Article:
LKP praises report that gives ‘huge impetus’ to government to set new ground rents to zero – promised and undelivered for three years
The Competition and Markets Authority is going to launch a series of court cases against plc housebuilders to resolve the ground rent scandal, it told BBCR4’s authoritative MoneyBox programme this afternoon.
LKP warmly welcomed the CMA report saying it gave huge impetus to the key reform of setting new ground rents to zero, which has been promised by the government since December 2017 and still undelivered.
George Lusty, the CMA’s Senior Director, Consumer Protection, told the programme:
“We will be bringing cases arguing that these businesses have broken consumer law. That these escalating ground rent charges and the mis-selling of homes is illegal.
“We will take those cases to court if we need to. We are going to try to attack the behaviour and try to get people’s money back where we can.
“We are going to do everything we can to sort out this problem. It is having a huge impact. Somtheing has gone really badly wrong. The developers in particular seem to have really failed in their responsibility to treat their customers fairly.”
Presenter Paul Lewis commented “strong stuff” before asking Cath Williams, a co-founder of the National Leasehold Campaign and the owner of a leasehold house in Cheshire, whether she was mis-sold her home.
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“Absolutely. Misled and mis-sold,” Ms Williams replied. “I bought the house in 2011 and there was no mention of leasehold in any of the marketing material. Even on the reservation form when I paid the deposit, which I believe is the point of sale: no mention of leasehold anywhere.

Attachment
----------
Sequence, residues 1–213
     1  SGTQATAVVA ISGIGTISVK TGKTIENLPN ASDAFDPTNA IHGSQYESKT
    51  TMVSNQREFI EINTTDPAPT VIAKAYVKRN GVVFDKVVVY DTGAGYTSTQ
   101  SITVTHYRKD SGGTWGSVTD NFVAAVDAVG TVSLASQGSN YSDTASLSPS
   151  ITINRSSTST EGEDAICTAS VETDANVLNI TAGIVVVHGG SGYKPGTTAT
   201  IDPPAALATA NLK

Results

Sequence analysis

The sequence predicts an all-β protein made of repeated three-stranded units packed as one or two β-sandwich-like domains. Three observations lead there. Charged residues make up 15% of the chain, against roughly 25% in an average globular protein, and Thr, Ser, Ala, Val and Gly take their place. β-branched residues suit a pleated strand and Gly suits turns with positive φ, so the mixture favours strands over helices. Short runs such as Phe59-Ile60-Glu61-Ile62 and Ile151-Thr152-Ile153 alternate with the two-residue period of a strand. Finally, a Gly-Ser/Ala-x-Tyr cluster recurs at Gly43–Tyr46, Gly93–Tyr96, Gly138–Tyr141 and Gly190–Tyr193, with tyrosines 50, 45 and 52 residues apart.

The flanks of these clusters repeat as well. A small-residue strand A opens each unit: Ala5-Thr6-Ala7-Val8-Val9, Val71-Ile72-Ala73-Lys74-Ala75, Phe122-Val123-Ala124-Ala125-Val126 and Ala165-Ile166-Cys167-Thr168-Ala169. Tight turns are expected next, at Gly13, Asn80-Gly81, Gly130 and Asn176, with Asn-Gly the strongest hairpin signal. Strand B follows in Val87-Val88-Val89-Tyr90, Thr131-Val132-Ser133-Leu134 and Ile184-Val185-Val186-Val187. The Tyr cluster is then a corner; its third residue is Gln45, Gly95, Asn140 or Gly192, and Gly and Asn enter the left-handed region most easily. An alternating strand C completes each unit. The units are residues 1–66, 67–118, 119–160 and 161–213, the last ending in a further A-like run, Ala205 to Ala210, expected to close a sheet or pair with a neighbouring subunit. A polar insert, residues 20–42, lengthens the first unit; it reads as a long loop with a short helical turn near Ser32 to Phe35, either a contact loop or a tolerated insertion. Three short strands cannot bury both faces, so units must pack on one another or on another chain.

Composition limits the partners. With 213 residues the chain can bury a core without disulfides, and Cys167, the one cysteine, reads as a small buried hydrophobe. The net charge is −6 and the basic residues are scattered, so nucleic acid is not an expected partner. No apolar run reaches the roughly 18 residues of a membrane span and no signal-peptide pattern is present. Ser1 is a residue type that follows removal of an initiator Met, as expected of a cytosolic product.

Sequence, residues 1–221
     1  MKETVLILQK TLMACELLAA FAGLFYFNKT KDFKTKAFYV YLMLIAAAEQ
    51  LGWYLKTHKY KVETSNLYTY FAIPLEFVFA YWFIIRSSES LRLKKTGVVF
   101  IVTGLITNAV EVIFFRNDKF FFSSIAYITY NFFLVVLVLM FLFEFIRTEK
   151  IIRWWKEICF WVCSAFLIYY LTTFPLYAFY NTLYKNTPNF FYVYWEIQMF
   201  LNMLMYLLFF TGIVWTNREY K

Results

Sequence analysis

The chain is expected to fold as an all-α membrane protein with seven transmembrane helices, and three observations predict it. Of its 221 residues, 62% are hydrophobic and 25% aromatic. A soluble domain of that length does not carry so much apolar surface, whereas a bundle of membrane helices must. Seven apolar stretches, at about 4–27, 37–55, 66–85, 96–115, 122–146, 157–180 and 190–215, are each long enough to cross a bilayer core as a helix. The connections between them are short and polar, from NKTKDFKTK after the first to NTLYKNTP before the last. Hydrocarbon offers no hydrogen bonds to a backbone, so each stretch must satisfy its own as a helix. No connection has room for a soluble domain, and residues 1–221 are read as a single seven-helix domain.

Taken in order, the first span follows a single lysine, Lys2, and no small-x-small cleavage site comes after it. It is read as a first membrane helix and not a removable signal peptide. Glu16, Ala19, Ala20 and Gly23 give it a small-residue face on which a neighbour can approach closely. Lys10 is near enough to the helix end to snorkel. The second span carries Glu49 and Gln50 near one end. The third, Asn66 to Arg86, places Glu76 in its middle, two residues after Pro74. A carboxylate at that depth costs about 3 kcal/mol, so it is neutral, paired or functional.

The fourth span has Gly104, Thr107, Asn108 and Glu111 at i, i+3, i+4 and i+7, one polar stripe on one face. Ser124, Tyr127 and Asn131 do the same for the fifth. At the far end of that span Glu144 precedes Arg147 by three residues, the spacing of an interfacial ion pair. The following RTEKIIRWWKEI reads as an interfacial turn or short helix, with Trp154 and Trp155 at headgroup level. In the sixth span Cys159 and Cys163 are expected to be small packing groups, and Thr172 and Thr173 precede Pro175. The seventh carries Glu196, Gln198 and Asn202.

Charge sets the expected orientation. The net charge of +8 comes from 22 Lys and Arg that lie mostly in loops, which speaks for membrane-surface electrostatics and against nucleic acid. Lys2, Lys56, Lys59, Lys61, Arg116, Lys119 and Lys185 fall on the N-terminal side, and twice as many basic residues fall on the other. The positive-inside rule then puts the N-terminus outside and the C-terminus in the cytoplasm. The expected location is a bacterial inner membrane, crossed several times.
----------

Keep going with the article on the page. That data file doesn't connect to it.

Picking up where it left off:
Ms Williams blamed the developer and its sales staff for mis-selling.
“They were very well trained into how to coerce people into buying these properties under false pretences.”
Paul Lewis commented: “You seem to be painting a picture of being systematically misled by the developer and the people who work for them.”
“Absolutely. I am so pleased that the CMA report supports this. I always knew that I had been mis-sold, but it is very difficult to prove, when everything was verbal at the point of sale.
“The first time that I knew the property was leasehold was after I had paid the £500 deposit and £750 for upgrades. On a tick list they went through everything with me and then at the bottom in pencil they wrote “leasehold”.
“At which point I challenged them: ‘Hang on a minute. I thought I had bought a freehold property.”
Paul Lewis asked: “Has this cost you money?”
“It really has. Because my lease was onerous. It [the ground rent] was £295 a year, which is over the £250 threshold. It was more than 0.1% of the property’s value. It was 0.3%. So when I came to sell the estate agent valued the house at £20,000 less than the equivalent freehold market property.
“And then said I might not actually be able to get anyone through the door. So the only way to sell was to buy the freehold. That cost me £15,000 in total.”
Sebastian O’Kelly, chief executive of LKP, was asked whether he was expecting the CMA report to be so strong in its findings.
“No. I am absolutely delighted by it. It is a really strong report that puts the blame squarely on our cartel of plc housebuilders and they have a lot of explaining to do. And it is going to cost them some money.
Compensation is mentioned for the first time in the report: who will get that, and how far back will it go?